Every investor should have one ultimate goal at the end of the day: to end up with the highest possible net spendable income. As simple as that statement may sound, most financial professionals totally miss this crucial goal, sadly confusing it with earning the most possible money from any given investment. You can see this theory at work in all of those colorful investment sales brochures, which seem to erroneously suggest that how much an investment grows is more important than how much an investor actually gets to spend.
Let’s illustrate this with a simple example.
Say we are comparing two investments: A, with potential return of 10 percent and B, with an 8 percent potential return. We expect most advisors to discount these rates with the costs of the investments – which we’d assume to be 1.5% for A and 1% for B. Therefore, investments A and B would net – after cost – 8.5 percent and 7 percent respectively. At this point, the majority of financial professionals would simply settle for investment A over B, because A will generate the most money, REALLY? But is that always the savvy thing to do? We believe it is not necessarily so.
Tax Efficiency, Tax Efficiency, Tax Efficiency
We teach our investors that ultimately, it does not matter how large a balance your portfolio accumulates, but rather how much, as an investor, you actually get to spend. So you want to pay less attention to how much an investment earns, as opposed to how tax-efficient it is.
Let’s continue with our example. What if investment A were taxable at, say, a 25 percent income tax bracket, but investment B were tax free? In such a scenario, the actual net-spendable-cash-on-cash returns come out to be 6 percent for investment A and 7 percent for B. What a big difference a little diligence makes!
The unfortunate news is that because tax issues generally don’t arise until the withdrawal phase – when it is usually way too late – millions of unsuspecting investors are caught unaware. And as a result, they’ve got a lot less nest egg than they’d been anticipating.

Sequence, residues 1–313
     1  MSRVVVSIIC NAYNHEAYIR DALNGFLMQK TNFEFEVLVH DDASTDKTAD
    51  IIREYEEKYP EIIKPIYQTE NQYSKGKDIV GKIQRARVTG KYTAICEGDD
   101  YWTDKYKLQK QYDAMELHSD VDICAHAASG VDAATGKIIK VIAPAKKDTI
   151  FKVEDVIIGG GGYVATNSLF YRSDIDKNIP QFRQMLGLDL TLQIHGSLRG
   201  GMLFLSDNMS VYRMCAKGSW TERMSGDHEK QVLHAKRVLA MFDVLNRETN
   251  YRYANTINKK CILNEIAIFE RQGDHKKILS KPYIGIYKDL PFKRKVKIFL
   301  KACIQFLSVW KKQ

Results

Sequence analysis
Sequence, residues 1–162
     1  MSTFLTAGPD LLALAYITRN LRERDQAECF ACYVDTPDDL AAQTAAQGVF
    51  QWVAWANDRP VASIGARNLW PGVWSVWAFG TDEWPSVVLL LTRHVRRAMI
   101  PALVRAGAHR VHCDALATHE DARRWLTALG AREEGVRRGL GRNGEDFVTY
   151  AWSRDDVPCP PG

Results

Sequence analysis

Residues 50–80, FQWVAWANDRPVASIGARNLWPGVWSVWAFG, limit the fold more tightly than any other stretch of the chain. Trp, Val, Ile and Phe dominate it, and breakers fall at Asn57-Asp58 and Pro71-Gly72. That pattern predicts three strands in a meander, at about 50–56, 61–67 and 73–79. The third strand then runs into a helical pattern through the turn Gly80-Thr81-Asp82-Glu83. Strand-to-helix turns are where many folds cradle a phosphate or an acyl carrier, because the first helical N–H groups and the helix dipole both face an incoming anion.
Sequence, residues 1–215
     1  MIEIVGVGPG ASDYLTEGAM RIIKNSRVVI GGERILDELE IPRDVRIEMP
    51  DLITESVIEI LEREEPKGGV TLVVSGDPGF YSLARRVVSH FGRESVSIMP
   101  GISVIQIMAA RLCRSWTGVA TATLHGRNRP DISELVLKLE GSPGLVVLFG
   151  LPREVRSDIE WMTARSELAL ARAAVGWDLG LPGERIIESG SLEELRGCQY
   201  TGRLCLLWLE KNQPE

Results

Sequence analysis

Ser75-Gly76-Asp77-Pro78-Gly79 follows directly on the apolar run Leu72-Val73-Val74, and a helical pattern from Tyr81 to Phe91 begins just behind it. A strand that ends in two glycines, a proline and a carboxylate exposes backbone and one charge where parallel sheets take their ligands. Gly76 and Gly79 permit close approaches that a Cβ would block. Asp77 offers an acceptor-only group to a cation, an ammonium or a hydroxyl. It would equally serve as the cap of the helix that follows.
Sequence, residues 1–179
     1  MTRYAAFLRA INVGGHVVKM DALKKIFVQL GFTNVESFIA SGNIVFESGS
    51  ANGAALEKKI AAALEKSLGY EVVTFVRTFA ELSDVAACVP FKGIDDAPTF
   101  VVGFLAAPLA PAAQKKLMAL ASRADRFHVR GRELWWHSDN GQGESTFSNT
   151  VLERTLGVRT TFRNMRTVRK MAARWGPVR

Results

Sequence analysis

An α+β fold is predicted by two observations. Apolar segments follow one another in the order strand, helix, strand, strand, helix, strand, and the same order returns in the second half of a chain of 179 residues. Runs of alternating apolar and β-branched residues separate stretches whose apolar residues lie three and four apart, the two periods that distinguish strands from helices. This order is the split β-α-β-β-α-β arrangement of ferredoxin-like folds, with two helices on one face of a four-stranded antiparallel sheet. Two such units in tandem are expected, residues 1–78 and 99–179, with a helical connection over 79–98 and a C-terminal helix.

Some attempt to dismiss this critical information that can make a huge difference in planning for a better future as too simplistic, or they toss off the bogus assertion that retirees tend to be in lower tax brackets. Just as we cannot predict any investor`s future tax rates, realize that no financial professional has a crystal ball, either.
That is why we strongly advocate nonqualified tax-free vehicles – you will have nothing to worry about with a zero percent tax rate.
Strategy Also Matters
Let’s look at another example of Strategy X versus Strategy Y. In Strategy X your investments have no caps or floors – you simply make whatever the market makes. Strategy Y, on the other hand caps your gains at 12 percent, with a guaranteed minimum of 2 percent.
If you are like most people, your inclination would be to go with Strategy X, because you perceive caps on gains as a negative thing and believe that, over the long haul, the stock market will deliver. We’ll see if you change your tune once you start to actually do the math.
For the sake of this example, we will try to mimic what tends to happen with the stock market – ups and downs – and assume that in Year 1, the index made a 20 percent gain. Under Strategy X, a $100,000 investment – with all other things equal – would have grown to $120,000, while with the 12 percent cap in Strategy Y, it would have grown to just $112,000.
Now assume the index loses 10 percent the following year. Strategy X would have a balance of $108,000 ($120,000, less 10 percent). Strategy Y, on the other hand, would have a balance of $114,240 (112,000, plus the 2 percent guaranteed minimum). Looking pretty interesting, isn’t it? But wait – let’s look at what happens in Year 3 before drawing any conclusions.
If in Year 3 the index posts a 10 percent gain, the Strategy X investment would grow to $118,800 (10 percent gain on $108,000), while the Strategy Y investment would grow to $125,664 (10 percent gain on $114,240).
How soon, easy, and likely would it be for Strategy X’s balance to catch up and overtake Strategy Y? Of course, no one knows for sure, but we hope the millions of hard-working investors who are seeking a better retirement become a little better informed before making their investment choices. What we do know FOR SURE is that it’s never a smart idea to put your retirement funds or your children’s college money at the direct mercy of an unpredictable stock market – regardless of how much time you may have to build your investment.
Regain control of your future with an absolutely no-obligation consultation by calling (301) 949-4449 or visiting www.LaserFG.com today!